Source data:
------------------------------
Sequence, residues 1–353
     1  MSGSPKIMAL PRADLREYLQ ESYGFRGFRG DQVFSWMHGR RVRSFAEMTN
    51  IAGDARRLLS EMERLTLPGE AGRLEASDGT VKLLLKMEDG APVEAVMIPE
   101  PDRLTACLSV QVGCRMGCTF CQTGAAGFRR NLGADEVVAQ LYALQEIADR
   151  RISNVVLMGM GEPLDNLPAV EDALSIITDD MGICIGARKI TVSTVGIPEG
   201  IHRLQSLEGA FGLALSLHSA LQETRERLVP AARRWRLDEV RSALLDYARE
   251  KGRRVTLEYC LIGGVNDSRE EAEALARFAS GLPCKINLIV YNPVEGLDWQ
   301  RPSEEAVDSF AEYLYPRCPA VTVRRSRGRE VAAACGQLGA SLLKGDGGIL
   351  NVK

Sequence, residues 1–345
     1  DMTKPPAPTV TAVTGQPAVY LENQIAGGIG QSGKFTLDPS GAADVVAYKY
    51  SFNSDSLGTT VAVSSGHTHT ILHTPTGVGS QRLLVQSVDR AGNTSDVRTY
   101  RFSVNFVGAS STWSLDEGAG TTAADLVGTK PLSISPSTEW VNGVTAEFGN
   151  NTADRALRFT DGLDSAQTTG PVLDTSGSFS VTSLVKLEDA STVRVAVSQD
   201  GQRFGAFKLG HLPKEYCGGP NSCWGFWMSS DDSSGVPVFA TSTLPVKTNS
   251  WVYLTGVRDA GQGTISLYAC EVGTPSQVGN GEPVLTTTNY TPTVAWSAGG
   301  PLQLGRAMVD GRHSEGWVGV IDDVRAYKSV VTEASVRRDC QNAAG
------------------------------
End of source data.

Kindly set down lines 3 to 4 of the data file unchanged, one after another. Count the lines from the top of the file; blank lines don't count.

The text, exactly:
    51  IAGDARRLLS EMERLTLPGE AGRLEASDGT VKLLLKMEDG APVEAVMIPE
   101  PDRLTACLSV QVGCRMGCTF CQTGAAGFRR NLGADEVVAQ LYALQEIADR